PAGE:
Important Facts About Cervical Cancer

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Important Facts About Cervical Cancer

Believing things that are not necessarily true can make you careless in the wake of the true danger of cervical cancer.
Have you been more than three years married or sexually active and have never undergone a pap smear? Some women believe in information that is not necessarily true and delay examining themselves to detect the potential presence of cervical cancer. Here are the myths that circulate, as well as the fact that straightened it, about cancer located in the cervix.

Myth 1: Cervical cancer cannot be prevented.

Fact: Although not 100 percent protective, human papillomavirus infection or HPV can be prevented with HPV vaccine. In addition, by regular pap smears can make abnormal cells can be detected early and treated before becoming cancer cells. Avoiding certain actions such as having sex at an early age, changing sexual partners, and smoking can also reduce the risk of cervical cancer.

Myth 2: If you have been infected with HPV, you will have cervical cancer.

Fact: Not necessarily. There are more than 100 types of HPV that are not all triggers of cervical cancer. HPV types 16 and 18 are the cause of 70 percent of cases of cervical cancer.

Myth 3: Women who have received HPV vaccine no longer need to undergo pap smears.

Fact: The HPV vaccine only protects you from the three most common types of viruses that cause cervical cancer. But there are other types of viruses that can also cause cancer. Thus, regular pap smear examination every 3 years (for women aged 21 to 65 years) is still needed to detect the presence of abnormal cells.

Myth 4: Treatment of cervical cancer makes the patient cannot have offspring anymore.

Fact: Hysterectomy or removal of the uterus and radiation can make you can no longer contain. But there are other procedures for treating early-stage cervical cancer, such as trachelectomy, the procedure of removing the cervix without including the uterus, so that the patient who administers it can still conceive. Handling abnormal cells before turning into cancer is also less risky in causing infertility.

Myth 5: I do not feel any symptoms so it is not possible to have cervical cancer.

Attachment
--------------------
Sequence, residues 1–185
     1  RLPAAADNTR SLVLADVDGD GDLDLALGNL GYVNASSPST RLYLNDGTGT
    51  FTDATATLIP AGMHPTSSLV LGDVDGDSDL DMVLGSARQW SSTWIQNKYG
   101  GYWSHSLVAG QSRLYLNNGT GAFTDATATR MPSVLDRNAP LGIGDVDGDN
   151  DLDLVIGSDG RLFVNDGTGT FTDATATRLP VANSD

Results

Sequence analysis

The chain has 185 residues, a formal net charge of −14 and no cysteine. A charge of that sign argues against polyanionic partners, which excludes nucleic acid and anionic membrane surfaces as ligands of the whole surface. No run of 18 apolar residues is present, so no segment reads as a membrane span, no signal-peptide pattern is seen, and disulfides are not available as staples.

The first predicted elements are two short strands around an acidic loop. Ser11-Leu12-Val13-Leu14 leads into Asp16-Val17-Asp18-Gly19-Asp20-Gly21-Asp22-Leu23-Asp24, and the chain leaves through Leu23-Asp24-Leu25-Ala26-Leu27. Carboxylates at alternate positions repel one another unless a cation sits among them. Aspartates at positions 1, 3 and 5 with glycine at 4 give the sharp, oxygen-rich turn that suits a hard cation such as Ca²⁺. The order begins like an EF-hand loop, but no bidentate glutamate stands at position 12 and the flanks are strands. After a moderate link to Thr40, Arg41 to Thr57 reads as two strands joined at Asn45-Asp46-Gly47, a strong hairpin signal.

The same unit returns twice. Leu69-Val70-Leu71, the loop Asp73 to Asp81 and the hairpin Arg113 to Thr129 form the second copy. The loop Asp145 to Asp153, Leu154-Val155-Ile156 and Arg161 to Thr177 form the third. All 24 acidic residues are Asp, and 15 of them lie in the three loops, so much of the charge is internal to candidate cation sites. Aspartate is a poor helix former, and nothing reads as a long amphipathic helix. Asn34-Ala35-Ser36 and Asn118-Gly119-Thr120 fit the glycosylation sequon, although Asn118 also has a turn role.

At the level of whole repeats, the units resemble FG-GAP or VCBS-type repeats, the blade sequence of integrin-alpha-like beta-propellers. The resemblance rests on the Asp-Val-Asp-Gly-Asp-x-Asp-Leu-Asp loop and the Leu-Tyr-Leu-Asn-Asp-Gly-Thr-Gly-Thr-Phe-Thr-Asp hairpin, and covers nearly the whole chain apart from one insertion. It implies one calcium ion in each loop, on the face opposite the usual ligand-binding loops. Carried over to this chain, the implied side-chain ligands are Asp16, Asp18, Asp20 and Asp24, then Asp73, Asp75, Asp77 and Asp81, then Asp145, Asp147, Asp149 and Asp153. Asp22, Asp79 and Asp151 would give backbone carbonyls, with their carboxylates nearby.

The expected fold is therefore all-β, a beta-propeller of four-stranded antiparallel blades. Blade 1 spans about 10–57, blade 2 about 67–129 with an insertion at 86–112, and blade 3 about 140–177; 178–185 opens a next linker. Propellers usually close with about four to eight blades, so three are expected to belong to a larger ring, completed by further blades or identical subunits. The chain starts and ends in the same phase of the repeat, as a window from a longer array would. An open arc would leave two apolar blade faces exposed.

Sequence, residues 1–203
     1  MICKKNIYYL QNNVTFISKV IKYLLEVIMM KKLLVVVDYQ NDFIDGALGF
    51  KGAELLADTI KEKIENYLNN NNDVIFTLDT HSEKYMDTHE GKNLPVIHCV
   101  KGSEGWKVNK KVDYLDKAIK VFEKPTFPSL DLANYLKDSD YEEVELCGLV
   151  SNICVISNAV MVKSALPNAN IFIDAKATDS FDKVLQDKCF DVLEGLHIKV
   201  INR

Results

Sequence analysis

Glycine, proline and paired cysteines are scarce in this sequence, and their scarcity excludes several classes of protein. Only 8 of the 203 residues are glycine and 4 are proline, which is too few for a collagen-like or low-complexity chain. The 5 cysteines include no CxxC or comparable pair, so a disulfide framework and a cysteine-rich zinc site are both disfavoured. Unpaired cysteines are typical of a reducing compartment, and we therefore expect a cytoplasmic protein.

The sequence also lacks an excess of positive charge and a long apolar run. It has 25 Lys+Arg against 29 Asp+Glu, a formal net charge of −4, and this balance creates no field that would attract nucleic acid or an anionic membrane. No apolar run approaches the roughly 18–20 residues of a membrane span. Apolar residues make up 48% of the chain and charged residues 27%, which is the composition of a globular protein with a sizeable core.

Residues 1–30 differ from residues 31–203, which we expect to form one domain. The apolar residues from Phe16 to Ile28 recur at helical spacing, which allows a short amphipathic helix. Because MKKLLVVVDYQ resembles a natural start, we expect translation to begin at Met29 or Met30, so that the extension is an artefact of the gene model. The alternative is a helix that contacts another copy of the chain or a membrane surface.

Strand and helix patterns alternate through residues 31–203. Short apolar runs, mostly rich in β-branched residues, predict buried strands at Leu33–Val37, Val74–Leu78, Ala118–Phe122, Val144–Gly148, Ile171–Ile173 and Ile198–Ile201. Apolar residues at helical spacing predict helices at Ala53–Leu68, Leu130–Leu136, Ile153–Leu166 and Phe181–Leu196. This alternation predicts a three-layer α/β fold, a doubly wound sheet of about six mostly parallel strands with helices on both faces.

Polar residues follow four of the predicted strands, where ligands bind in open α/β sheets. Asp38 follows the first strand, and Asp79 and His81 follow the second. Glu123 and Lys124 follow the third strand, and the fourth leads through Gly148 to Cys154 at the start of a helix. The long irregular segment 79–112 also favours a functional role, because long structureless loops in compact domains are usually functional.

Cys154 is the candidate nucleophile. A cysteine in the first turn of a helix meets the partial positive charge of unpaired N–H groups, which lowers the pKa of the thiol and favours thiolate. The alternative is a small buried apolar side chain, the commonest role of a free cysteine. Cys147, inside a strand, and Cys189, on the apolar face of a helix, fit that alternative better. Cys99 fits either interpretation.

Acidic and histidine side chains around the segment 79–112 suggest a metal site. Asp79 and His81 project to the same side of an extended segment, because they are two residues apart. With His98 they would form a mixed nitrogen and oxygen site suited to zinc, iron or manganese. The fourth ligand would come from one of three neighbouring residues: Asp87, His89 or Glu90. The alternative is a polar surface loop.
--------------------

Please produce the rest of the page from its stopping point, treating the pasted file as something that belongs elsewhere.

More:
Fact: HPV infection in the early stages does not cause any symptoms. Symptoms such as bleeding after intercourse or between menstrual periods are commonly experienced after abnormal cells have become cervical cancer. This is why regular Pap smear testing every 3 years is needed to detect if a cell changes. In addition, not all cases of cervical cancer cause obvious symptoms; there are some cases that do not cause symptoms before reaching an advanced stage.

Myth 6: If you have cervical cancer, your current partner is unfaithful.

Fact: HPV virus can stay in the body without showing any symptoms in a matter of years. In other words, it is difficult to ascertain since when a person has cervical cancer.

Myth 7: I will not be exposed to the HPV virus as long as I have sex with a condom.

Fact: Condom use can indeed reduce the risk of HPV virus transmission. But this step does not provide 100 percent protection because the virus can spread through skin contacts that are not covered by condoms, such as the vulva, anus, the perineal area, the base of the penis, and the scrotum (scrotum).

Myth 8: All people with cervical cancer will have no life expectancy.

People with cervical cancer are detected at an early stage and can have a life expectancy of 5 years to reach 93 percent. Life expectancy is higher if cancer is diagnosed early. This is where the importance of checking with the pap smear regularly.

Knowing the right information can make you more aware of the dangers of cervical cancer and take proper precautions.

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